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CDMA's ‘big China win’ recedes as trade talks stall

As the embattled standard fails to go live in China, GSM and TDMA are stealing all the prizes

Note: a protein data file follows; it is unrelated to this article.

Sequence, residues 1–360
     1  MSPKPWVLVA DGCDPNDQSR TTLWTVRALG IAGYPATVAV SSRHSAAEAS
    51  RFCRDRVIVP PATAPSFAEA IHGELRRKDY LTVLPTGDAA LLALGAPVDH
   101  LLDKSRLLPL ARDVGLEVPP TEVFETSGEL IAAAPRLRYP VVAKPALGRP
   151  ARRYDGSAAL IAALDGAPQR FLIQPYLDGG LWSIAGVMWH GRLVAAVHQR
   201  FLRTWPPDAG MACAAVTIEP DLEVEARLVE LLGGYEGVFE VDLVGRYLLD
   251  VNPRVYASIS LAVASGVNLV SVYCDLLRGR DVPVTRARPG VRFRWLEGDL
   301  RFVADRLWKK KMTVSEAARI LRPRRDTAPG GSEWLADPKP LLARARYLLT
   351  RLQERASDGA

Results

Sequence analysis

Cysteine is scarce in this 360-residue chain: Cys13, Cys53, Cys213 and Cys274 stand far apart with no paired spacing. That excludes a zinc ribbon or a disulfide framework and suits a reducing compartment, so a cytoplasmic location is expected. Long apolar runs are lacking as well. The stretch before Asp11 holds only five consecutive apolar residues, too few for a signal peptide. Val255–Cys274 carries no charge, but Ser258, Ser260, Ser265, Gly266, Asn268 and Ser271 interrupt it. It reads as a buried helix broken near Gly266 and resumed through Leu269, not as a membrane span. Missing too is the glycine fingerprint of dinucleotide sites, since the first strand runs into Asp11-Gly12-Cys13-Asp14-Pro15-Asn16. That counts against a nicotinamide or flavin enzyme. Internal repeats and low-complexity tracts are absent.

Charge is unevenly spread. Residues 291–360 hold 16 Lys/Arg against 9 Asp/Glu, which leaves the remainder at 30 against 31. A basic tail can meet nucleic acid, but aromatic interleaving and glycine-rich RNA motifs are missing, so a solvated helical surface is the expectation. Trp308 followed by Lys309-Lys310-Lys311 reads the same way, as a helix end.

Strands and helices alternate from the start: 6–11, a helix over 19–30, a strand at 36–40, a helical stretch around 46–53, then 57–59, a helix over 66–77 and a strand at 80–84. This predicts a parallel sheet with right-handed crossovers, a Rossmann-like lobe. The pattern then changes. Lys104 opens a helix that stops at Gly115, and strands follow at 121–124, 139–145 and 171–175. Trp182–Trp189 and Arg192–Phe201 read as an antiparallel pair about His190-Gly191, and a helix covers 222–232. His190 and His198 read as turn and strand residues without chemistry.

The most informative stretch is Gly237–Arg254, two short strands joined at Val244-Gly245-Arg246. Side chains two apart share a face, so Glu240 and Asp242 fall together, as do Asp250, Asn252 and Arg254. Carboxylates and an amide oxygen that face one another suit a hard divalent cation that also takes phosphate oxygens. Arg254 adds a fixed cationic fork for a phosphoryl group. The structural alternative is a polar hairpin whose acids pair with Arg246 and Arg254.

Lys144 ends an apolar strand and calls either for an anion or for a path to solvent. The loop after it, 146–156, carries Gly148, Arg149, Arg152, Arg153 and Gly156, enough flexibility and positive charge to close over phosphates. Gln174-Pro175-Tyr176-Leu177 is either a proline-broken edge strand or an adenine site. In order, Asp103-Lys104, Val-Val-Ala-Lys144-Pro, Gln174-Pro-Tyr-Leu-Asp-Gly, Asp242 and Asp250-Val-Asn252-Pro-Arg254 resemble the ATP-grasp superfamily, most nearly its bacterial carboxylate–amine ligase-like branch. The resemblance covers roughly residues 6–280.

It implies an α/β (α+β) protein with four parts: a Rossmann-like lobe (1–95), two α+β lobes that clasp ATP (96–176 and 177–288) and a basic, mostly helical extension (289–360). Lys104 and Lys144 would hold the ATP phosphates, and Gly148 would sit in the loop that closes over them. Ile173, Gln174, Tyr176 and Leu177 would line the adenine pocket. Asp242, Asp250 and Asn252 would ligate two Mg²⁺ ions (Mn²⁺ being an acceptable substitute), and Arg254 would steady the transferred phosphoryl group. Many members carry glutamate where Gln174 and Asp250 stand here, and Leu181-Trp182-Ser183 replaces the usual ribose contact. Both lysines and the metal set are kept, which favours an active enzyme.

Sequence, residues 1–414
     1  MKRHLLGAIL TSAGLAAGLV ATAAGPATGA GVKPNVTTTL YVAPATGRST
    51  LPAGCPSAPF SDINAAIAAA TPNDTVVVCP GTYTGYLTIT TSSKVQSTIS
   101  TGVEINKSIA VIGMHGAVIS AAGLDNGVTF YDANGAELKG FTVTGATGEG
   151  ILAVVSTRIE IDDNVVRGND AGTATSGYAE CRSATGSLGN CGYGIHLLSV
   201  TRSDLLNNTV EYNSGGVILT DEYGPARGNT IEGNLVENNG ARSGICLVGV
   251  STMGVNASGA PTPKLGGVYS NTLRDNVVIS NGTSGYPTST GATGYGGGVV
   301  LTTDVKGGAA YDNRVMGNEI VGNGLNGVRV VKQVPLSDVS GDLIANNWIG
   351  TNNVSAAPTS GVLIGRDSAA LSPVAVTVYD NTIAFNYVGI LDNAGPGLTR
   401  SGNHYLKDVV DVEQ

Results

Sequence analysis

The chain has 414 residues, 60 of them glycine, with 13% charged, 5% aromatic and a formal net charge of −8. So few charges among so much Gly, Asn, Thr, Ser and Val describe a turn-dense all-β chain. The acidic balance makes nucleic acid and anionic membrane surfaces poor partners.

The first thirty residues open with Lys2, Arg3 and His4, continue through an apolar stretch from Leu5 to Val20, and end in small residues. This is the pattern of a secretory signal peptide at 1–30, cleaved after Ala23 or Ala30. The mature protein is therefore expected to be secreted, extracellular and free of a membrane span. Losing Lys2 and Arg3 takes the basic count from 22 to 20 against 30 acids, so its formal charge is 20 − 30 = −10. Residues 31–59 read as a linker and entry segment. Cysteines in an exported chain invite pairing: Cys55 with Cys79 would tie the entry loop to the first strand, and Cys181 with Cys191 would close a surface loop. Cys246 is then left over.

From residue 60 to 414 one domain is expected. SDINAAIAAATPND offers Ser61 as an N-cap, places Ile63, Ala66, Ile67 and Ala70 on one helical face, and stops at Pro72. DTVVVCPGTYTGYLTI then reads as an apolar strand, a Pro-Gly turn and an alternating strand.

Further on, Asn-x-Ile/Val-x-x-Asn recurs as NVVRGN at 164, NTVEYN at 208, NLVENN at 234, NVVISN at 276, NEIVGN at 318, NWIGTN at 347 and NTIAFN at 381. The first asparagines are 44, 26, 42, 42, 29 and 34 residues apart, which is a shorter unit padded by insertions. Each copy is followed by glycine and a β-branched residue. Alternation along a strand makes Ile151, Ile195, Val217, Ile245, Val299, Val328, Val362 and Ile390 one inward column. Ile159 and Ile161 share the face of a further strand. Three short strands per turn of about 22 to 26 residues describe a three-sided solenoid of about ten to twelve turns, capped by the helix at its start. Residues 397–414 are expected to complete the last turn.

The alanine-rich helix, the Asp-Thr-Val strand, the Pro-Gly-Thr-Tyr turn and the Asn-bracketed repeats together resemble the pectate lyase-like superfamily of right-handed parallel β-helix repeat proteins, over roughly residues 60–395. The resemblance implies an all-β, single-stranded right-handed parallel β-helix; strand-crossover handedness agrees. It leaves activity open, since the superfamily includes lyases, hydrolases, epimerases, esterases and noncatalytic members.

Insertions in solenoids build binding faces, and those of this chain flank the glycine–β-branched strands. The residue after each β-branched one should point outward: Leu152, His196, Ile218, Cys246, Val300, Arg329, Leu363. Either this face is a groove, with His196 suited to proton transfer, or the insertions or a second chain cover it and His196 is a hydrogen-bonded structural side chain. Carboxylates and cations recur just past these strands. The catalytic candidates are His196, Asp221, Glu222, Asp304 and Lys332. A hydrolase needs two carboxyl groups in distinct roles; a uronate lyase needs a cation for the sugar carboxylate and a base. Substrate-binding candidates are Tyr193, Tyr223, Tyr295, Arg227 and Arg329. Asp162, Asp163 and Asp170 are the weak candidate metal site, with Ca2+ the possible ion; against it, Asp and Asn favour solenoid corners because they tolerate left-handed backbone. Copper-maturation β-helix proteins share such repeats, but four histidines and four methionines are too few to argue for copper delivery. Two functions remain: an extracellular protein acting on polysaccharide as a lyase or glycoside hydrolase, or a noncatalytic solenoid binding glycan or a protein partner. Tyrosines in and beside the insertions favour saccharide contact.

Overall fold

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Stuck in an insipid Sino-American remake of "Groundhog Day", telecom investors have been once again forced to relive one particular event. It's that tantalising 'CDMA conquers China... next week' moment. By now, the plot is wearing thin. To make matters that much worse, few of us can emulate Bill Murray's character and wake up next morning sharing a pillow with a sultry Southern ex-model. What we're left with is the same loop of hope and hype ending in yet another anti-climax. The last time we were taken for a ride was Clinton's visit to China during the summer of 1998. Remember? Huge CDMA network deals... resolution of trade conflicts... a new dawn for Asian telecom markets. That's what was promised before the 1998 trip - and the results were strikingly similar to the Chinese premier's visit to USA in 1999. A whole lot of promises with nothing concrete to point at. The big irony of last week's events lay in the fact that Zhu Rongji was the one Chinese top official ready to make concessions in introducing CDMA. He was the guy who staked his credibility on the trip and tried to force the nationwide CDMA introduction through despite the fierce opposition of MII bureaucrats and some of his worst political rivals. Getting WTO membership would have vindicated Zhu's position - he probably would have been able to force MII to go along if he had the WTO membership to show how useful the CDMA gambit had been in the negotiations. And this was the guy Clinton decided to slap down publicly in last week's trip. Time will tell how much damage the failed trip did to Zhu. During the Friday afternoon both Clinton and Zhu were still all smiles - but only a few hours later the tone had changed. ``If you want too much too soon, in the end you may wind up with nothing,'' Zhu Rongji said. He then added that China was prepared to open up its telecommunications sector and if Americans passed up the opportunity to become involved, China would turn to Europe. These comments reflected Zhu's suddenly weakened position in the Beijing politics. He had risked a lot in making sizable concessions. Now his opponents can easily portray him as a sell-out who couldn't even deliver on his promises. Not exactly the ending that international news organizations had scripted for last week. The trip had been preceded by a massive spin attack. "China embraces CDMA", "China bows down to US pressure", etc., etc. All eerily reminiscent of the news coverage preceding Clinton's 1998 trip to Beijing. As previously, I suspect that a collective amnesia will now take place. Before the trip it was repeated over and over that this was the last chance for China to get the WTO membership: it would be now or next century. The moment it became obvious that the deal was not going to be made, a furious spinning started. Now we're told that actually next autumn is the big moment. That's the real last chance. That's when the massive CDMA expansion will really start. Great. It just might. But I wouldn't bet two dollars on that actually happening. A fable One of the most beloved Estonian bedtime stories concerns a young girl whose Liddy Dole-like mother promises that she can marry her beau after she has worn down a pair of shoes doing domestic chores. A slight downside: the slippers are made of wood. Next thing you know, the old gargoyle has switched shoe material to glass and eventually to iron - all the while offering syrupy smiles and words of encouragement. The relevance of this proto-Freudian Baltic fable? China's Ministry of Information Industry is one mean mother to mess with. When the USA pushed China hard to adopt CDMA, MII gave a go-ahead to the construction of CDMA networks in 1997 - but only around four cities and for non-commercial uses. When MII was pressed for more, they announced that CDMA is undergoing "feasibility studies". Those have gone on for two years now. During the present WTO negotiations China was asked to close more CDMA network deals - and they ordered two Mickey Mouse expansions worth maybe $20 million each. New shoes keep showing up, each postponing the nationwide implementation of CDMA. Meanwhile, GSM is adding 1 million new Chinese subscribers each month. There are two nationwide mobile operators in China - the enormous China Telecom and the upstart China Unicom. The big news of recent weeks has been the escalation of China Unicom's GSM expansion plans. This operator has all along said that it will unroll both GSM and CDMA networks. But time is running out as China Telecom's lead in total subscribers keeps expanding. Unicom's decision to step up the GSM expansion to stay in the game was underlined by the biggest GSM network order in company history earlier this month. Another landmark was the decision to start ordering GSM networks from a new manufacturer, giving Unicom the opportunity to play its contractors against each other in bidding competitions. And how were these developments covered by international news organisations? Well - they weren't. Everybody was so busy analysing the enormous impact of the CDMA network deals to be announced during Zhu's visit to Washington. Meanwhile, China Telecom may be splintered to four competing GSM operators to foster new competition. That would result in five GSM operators in China, all offering nationwide roaming and handsets that function with all the other operators. This is the formula for explosive growth that all leading mobile phone markets in the world have - two to five competing operators using one standard and the possibility for consumers to switch carriers at will and take their old phones with them. If the WTO deal materialises, western operators finally get a chance to buy big chunks of Chinese operators. The first in line are AT&T and British Telecom. These two companies already have extensive co-operation with China Telecom - AT&T has 100 employees in China even now. BT just bought a 20 per cent stake in Hong Kong's third biggest mobile operator. Which happens to have China Telecom as a major stakeholder. And here lies another irony: the US demands for a bigger role for Western mobile operators in the Chinese market were designed to help CDMA to gain a big foothold. But the actual result will be a stampede of TDMA and GSM operators into China. Europe's cash-rich, successful GSM operators will not sit back and watch British Telecom monopolise the Chinese market. Some pan-European giant like Vodafone or Mannesmann will probably jump at China Unicom the moment the Chinese telecom market becomes deregulated. BT and AT&T are planning to increase their stake in China Telecom or target one of the four baby telecoms if China Telecom gets broken up. These decisions are driven by economics: many GSM operators are wildy profitable at the time most US CDMA operators are still posting losses every quarter and have yet to finish their network build-up even in America. The enormous run-ups in the share prices of Vodafone, Mannesmann, Telecom Italia Mobile etc. give them considerable leverage in funding ambitious Asian expansion. In recent weeks Wall Street has taken a decidedly Candide-like approach to CDMA's prospects in China. Every turn of events has been explained as taking place in the best of all possible worlds. The reality will most likely reassert itself in coming months - as it did after Clinton's visit to China in 1998. ®